A lettuce E. coli lawsuit for an illness or death linked to the romaine lettuce outbreak is the only way victims can receive compensation for medical bills, lost income, pain and suffering, and other damages, according to veteran E. coli lawyer Fred Pritzker, founding partner of the national food safety law firm Pritzker Hageman. Most of the people included in this outbreak ate romaine lettuce at restaurants including Panera Bread, Red Lobster, Papa Murphy’s and Texas Road House.
Contact an E. coli Lawyer representing clients in this outbreak
The E. coli attorneys at Pritzker Hageman have represented clients in every major food poisoning outbreak in the last two decades and recently won a $7.55 million verdict in a suit filed on behalf of a young child who was diagnosed with E. coli and suffered kidney failure. They are representing clients in this outbreak and accepting new clients. To speak with them about an E. coli illness or death associated with contaminated romaine lettuce, use this online form or call toll-free 1(888) 377-8900. There is no obligation.
Romaine E. coli Outbreak
The Centers for Disease Control and Prevention (CDC) declared an end to the E. coli outbreak linked to romaine lettuce grown in Yuma, AZ on June 28, 2018. The outbreak, which began March 13, 2018, sickened 210 people in 36 states. Ninety six people were hospitalized, five of them died.
The number of illnesses reported form each state is as follows: Alabama (3) Alaska (8), Arkansas (1), Arizona (9), California (49), Colorado (3), Connecticut (2), Florida (3), Georgia (5), Idaho (12), Illinois (2), Iowa (1), Kentucky (1), Louisiana (1), Massachusetts (4), Michigan (5), Minnesota (12), Mississippi (1), Missouri (1), Montana (9), Nebraska (1), New Jersey (8), New York (11), North Carolina (1), North Dakota (3), Ohio (7), Oklahoma (1), Oregon (1), Pennsylvania (24), South Dakota (1), Tennessee (3), Texas (4), Utah (1), Virginia (1), Washington (8), and Wisconsin (3).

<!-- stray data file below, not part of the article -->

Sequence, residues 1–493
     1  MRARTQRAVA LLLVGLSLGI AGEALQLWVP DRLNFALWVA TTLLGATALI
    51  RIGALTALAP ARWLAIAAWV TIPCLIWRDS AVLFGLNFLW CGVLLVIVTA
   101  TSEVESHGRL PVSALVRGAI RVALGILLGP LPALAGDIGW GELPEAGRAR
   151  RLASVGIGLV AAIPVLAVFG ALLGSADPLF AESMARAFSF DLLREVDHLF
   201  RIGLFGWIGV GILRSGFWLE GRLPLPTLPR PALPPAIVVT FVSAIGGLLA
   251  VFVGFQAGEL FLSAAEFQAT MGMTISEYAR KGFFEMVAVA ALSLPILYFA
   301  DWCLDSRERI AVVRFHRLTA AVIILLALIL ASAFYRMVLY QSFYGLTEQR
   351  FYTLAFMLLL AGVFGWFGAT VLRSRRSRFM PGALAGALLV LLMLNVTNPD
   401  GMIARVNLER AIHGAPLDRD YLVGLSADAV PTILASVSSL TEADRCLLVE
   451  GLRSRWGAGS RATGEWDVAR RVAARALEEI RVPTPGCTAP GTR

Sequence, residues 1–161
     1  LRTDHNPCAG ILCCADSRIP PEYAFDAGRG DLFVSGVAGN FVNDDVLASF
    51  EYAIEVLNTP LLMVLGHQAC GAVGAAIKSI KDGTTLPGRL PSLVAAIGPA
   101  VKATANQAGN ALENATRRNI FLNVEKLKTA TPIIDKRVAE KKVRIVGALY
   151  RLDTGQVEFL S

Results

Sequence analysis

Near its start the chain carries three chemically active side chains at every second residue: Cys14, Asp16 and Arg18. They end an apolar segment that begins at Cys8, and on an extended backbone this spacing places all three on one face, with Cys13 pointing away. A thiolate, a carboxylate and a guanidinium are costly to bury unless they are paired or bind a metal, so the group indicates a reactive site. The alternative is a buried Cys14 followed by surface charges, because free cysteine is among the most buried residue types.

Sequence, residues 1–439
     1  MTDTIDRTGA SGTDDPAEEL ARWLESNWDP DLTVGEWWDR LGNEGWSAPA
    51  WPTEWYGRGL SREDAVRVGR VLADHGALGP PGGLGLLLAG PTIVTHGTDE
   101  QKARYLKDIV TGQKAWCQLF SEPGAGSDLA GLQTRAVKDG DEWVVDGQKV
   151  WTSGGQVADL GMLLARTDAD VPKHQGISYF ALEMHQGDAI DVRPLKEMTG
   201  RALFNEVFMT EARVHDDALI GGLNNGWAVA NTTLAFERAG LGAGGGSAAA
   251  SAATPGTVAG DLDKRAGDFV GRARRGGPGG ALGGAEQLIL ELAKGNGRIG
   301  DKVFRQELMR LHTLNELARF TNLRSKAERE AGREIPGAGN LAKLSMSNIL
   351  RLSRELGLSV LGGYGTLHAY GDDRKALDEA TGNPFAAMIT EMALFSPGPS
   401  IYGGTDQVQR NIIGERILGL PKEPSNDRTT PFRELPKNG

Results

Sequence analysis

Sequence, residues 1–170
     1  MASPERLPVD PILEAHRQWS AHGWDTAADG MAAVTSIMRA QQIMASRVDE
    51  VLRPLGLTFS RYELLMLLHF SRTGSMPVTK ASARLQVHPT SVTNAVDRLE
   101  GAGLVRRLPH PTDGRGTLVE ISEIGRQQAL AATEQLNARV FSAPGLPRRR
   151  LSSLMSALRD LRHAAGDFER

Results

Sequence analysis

E. coli HUS
Hemolytic uremic syndrome (HUS) is a form of kidney failure that develops in about 7 percent of people with E. coli infections. HUS causes blood vessels to become damaged or swollen and clots form blocking the filtering function of the kidneys. Dialysis and blood transfusions are among the treatments for HUS. In addition to kidney failure, it can cause seizure, stroke, coma and death. Children, seniors and people with weakened immune systems are most at risk for developing HUS.
Twenty-seven people sickened in this outbreak developed HUS. Arkansas, California and New York each reported one death associated with this outbreak. In Minnesota, two people died.